Morgan's Mack: Firm Was Excessively Leveraged

Morgan Stanley Chief Executive John Mack said the current financial crisis is like nothing he's ever seen before, and it will take time for firms to deleverage from the excessive levels financial firms had reached.

Morgan Stanley and its competitors "all have to take some blame for that," he said, in an interview on CNBC. (To listen to the entire interview, watch the attached video.)

One year ago, Morgan Stanley ran leverage at some 30-times, Mack said. This means for every dollar of capital the firm had, it carried some $30 in debt. Morgan currently sits at "slightly below 20-times leverage," he said. With the $9 billion investment from Mitsubshi UFJ Financial Group and future federal aide, Mack expects leverage to fall into the teens.

Mack indicated he now questions whether it was wise to maintain such a high leverage ratio, and he noted that other financial institutions abroad had leverage ratios of as much as 40 or more.

"We're all learning that leverage works both ways," Mack said.

This is one factor that is making the current financial crisis different from prior shocks to the market.

According to Mack, some of the distinguishing factors in this crisis are its global nature, the fact that credit has dried up, and the volatility in the market.

"The number of funds that are in the market, the volatility in the market has been exacerbated by a combination of very active managers, derivatives and too much leverage in the system," he said.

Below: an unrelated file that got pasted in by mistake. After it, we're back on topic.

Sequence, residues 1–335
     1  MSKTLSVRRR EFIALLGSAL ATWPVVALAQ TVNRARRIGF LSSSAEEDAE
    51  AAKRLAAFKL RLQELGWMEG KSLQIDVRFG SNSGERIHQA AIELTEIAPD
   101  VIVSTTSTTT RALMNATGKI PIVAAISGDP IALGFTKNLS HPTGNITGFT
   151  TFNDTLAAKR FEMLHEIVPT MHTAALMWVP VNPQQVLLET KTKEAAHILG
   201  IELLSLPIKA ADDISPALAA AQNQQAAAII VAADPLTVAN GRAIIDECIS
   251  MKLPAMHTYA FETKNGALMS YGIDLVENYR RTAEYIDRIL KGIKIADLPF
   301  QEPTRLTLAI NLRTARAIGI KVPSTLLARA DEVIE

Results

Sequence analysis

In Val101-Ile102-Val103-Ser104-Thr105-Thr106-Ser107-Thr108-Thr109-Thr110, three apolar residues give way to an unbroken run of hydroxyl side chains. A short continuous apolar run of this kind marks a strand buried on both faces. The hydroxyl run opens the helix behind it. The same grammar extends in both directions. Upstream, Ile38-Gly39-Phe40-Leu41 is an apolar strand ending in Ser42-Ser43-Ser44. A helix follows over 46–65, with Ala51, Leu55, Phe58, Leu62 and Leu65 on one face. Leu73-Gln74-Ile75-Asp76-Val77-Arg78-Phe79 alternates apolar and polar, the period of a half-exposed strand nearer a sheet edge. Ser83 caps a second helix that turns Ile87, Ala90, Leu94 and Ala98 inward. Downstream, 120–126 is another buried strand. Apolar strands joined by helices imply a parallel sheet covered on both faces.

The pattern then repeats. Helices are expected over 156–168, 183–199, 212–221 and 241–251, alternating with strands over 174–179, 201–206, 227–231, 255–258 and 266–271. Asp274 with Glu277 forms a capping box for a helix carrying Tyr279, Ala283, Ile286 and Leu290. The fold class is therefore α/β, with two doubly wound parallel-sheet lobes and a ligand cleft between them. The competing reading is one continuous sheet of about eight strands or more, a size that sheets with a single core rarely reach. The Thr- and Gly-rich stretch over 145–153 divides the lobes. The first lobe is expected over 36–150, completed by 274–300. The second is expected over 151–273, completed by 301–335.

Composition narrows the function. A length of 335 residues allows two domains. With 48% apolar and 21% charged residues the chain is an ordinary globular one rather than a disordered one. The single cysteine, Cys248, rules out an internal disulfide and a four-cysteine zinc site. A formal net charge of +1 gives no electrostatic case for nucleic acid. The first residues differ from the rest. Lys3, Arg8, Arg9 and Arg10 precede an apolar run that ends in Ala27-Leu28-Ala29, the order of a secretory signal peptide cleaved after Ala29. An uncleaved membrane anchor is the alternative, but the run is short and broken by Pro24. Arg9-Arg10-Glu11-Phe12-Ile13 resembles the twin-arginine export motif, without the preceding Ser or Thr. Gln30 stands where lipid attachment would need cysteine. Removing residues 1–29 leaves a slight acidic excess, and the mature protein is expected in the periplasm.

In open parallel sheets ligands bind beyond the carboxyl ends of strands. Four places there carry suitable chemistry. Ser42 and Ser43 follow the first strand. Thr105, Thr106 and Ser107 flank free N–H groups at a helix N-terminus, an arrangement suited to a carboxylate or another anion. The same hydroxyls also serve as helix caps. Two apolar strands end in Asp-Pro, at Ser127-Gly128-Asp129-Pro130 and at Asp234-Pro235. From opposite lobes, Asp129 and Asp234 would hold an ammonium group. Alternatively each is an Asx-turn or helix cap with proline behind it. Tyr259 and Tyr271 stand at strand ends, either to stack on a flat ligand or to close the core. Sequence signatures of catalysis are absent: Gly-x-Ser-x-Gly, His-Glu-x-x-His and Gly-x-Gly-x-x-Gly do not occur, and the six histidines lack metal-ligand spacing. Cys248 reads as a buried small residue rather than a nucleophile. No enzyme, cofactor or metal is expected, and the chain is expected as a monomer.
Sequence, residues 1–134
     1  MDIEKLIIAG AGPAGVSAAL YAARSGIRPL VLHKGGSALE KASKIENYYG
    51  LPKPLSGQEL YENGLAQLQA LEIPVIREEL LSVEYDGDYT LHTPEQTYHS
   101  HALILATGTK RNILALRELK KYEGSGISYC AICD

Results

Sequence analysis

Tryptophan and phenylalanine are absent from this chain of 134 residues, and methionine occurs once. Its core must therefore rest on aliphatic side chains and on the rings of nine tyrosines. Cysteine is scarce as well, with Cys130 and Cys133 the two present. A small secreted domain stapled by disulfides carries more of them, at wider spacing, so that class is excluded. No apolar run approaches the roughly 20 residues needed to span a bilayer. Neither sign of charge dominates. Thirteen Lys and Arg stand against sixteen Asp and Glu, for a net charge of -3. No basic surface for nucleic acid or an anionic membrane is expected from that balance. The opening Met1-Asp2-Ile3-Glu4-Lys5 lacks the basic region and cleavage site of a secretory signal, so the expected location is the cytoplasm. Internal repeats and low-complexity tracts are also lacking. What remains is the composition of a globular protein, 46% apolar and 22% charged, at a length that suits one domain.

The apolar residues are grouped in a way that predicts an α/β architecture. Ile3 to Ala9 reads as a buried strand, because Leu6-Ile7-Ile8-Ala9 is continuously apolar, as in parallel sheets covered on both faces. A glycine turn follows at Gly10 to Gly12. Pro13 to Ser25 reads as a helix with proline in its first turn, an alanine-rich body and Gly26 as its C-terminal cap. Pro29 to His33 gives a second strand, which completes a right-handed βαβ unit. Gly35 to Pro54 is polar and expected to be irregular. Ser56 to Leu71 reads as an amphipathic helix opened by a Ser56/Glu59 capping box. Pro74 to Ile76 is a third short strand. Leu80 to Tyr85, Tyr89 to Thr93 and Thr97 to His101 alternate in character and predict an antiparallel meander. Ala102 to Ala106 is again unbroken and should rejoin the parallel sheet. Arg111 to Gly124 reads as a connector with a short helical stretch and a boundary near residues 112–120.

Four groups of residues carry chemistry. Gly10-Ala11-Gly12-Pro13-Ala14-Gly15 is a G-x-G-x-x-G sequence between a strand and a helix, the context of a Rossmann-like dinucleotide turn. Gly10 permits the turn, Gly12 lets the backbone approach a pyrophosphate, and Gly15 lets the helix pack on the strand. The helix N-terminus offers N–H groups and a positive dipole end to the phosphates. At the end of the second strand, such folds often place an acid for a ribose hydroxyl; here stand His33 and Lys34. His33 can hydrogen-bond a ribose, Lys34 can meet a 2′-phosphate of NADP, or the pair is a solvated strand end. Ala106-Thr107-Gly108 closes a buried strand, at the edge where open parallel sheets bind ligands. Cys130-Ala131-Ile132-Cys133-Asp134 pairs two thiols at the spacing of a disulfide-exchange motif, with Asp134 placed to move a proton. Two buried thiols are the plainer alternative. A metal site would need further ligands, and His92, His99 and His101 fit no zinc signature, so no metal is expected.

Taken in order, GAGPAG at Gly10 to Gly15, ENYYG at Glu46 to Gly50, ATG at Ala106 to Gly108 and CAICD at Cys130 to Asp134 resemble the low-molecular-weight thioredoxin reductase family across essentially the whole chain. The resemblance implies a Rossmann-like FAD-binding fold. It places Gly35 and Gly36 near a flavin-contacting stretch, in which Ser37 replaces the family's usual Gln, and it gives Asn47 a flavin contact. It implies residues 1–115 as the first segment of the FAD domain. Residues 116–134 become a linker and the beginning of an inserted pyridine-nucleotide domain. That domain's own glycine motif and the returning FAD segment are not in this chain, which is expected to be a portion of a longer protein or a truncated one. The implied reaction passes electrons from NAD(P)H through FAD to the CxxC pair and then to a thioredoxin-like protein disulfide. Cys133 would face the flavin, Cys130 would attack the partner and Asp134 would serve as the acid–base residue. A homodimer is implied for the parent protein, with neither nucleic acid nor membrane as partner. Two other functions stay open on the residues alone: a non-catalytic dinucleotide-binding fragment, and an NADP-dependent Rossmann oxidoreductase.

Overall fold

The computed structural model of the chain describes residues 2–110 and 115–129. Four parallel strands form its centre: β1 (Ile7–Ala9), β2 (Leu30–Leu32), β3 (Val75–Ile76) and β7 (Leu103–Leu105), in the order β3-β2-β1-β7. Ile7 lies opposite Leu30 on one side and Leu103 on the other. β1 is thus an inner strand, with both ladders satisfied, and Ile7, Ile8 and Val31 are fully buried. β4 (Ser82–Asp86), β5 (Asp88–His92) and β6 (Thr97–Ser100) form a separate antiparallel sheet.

Mack also said that it may take continued international coordination to fully unlock the credit markets and resolve the financial crisis, perhaps even by forming a new global body to oversee the process.

"Morgan Stanley, as others, we're doing business all over the world and it's pretty difficult to say I'll work under one set of rules under one country and a different set somewhere else," he said.

U.S. Treasury Secretary Hank Paulson and Federal Reserve Chairman Ben Bernanke have taken the right steps to restore confidence in the banks, Mack said.

"For these banks [like Morgan Stanley] to be capitalized that well, they're not going to go out and play big casino with that money," he said. "This is not going to be chips on the table for the kind of — roll it out one more time and see how people do; this is about bringing stability back into the system."

Mack said the Lehman Brothers' bankruptcy one month ago contributed to the locking of the credit markets.

"A lot of that has locked up the system, but that will take some time," he said.

Separately, Mack said he expected the U.S. and global economy are in a recession now, and he wouldn't be surprised if it lasted until 2010.

"We're in for a rocky road for a while," Mack said. "A month ago, if oil prices moved down we'd think it was a bullish sign and you would have had the equity markets respond in a positive way. Today, with oil prices down people are saying 'you know it's not bullish, it shows there is a worldwide recession.'"